Similarly, Balslev-Harder et al. [14] reported that the Y chromosome content in maternal blood was high enough to mask the overall fraction of placental-derived DNA in cfDNA. Interestingly, the authors demonstrated that the length distribution of Y chromosome sequence reads could be used to distinguish rare occurrences of maternal Y chromosomal contribution from leukocytes or possible single organ transplants. In our particular case, we detected that the relative percentages of Y chromosome reads obtained in two independent blood samples presented a distribution similar to an adult male reference. Interestingly, those quantities are very similar to the figures described by others, which state that approximately 75% of cfDNA released to maternal circulation is hematopoietic in origin [16]. Besides, FISH results suggested that all WBCs isolated from the maternal plasma were XY, confirming that the cause of the foetal sex discordance was attributed to the bone marrow transplant.

Similar cases have also been described in other clinical reports where the transplant was from a different organ than bone marrow. Bianchi et al. [17], described their clinical experience with cfDNA testing for foetal sex chromosomes in a large cohort study. Their study identified a discordant result caused by a kidney transplant from a male donor. Also, in the same year, cfDNA testing of a patient who previously received a renal transplant was negative for chromosomal abnormalities and consistent with a male foetus. However, the foetal anatomy ultrasound at 20 weeks of gestation showed female genitalia, confirmed by the birth of a female baby. More recently, a clinical case in 2018 describing cfDNA testing in a woman recipient of a liver transplant from a male donor suggested that graft-derived cfDNA released into the maternal circulation clouded the cfDNA testing prediction of sex [2].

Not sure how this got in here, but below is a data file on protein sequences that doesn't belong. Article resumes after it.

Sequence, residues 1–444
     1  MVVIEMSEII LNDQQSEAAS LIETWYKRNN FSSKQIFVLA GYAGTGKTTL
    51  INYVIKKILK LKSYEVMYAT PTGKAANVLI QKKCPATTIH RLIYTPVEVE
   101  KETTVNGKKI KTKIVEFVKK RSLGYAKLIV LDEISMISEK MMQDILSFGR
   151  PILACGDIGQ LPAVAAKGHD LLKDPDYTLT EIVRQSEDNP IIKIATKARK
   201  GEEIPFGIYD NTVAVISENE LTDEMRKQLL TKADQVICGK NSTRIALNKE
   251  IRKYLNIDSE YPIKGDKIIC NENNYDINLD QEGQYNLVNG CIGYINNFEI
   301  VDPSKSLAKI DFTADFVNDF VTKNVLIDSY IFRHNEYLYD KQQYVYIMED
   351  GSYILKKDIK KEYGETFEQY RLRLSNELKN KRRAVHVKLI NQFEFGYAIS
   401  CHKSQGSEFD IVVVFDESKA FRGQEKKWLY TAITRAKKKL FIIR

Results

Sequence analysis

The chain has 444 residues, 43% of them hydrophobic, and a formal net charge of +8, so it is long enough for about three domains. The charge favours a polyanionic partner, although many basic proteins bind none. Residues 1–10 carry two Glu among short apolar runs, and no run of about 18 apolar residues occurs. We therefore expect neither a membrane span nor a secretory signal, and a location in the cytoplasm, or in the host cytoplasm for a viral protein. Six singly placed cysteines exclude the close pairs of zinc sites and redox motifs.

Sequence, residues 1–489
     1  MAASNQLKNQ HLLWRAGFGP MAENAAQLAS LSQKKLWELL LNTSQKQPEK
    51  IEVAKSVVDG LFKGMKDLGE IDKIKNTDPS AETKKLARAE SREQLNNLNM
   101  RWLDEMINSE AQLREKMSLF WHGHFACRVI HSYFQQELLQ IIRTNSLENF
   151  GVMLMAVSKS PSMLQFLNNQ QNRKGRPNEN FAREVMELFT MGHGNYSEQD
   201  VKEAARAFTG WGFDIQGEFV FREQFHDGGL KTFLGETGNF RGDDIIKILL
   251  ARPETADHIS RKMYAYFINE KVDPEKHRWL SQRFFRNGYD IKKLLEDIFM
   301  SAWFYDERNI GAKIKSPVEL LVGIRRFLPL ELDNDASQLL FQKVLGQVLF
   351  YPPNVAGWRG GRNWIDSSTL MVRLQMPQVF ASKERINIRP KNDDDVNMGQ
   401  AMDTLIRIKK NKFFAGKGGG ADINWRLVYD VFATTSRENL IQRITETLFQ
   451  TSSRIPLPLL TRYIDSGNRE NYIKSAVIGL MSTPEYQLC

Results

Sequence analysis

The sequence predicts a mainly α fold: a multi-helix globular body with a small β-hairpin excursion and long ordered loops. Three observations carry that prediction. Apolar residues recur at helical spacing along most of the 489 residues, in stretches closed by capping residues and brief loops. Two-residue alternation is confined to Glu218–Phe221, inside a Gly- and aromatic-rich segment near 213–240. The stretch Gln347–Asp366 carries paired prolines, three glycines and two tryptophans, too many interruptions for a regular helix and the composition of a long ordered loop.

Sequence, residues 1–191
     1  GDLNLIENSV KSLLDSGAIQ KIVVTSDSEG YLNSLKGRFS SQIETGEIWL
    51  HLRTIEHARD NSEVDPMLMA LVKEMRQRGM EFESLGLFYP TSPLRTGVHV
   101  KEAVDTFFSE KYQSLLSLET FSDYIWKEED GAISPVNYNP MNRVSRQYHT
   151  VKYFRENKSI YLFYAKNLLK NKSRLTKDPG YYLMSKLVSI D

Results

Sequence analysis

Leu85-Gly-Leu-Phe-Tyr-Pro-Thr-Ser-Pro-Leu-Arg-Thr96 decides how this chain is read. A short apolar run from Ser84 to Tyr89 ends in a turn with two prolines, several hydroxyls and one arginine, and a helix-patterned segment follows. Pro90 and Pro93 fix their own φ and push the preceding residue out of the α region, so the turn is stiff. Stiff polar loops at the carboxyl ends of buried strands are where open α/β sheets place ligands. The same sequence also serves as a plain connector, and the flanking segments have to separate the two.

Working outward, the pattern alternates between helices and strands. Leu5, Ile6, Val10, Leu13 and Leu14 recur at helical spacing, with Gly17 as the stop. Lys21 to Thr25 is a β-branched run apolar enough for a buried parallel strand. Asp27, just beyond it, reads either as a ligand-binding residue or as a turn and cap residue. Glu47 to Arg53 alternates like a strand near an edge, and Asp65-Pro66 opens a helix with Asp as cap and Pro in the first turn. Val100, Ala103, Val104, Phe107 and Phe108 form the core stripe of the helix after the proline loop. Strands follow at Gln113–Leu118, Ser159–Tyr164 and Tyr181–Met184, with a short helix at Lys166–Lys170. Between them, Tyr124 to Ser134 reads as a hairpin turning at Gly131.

Therefore, given that in certain organ transplants, the amount of sex chromosomes exceeds the expected for the calculated FF, an alert should arise indicating the existence of contaminating DNA in the bloodstream, with the ability to interfere with the final result of the cfDNA testing. Thus, leading companies should modify their algorithms to detect these kinds of scenarios that prevent obtaining informative results for sex chromosomes in terms of aneuploidy calling and correct sex assignment.

Together, these cases demonstrate that due to possible inconsistencies in the final diagnosis, disclosing the foetal sex by cfDNA testing currently might only be advisable when the pregnant mother has had an organ transplant from a female donor. In the remaining scenarios (male donor or donor with an unknown gender), cfDNA testing should be performed only to analyse aneuploidies for autosomes. Therefore, good pre-test counselling and dynamic communication between the health care practitioner and the laboratory performing the cfDNA testing is required for proper management of these cases. In addition, with advancement of new technologies, novel algorithms will be developed that can discern the origin of cell-free DNA, enabling us to exclude interfering graft-derived cell-free DNA from analysis [2, 14].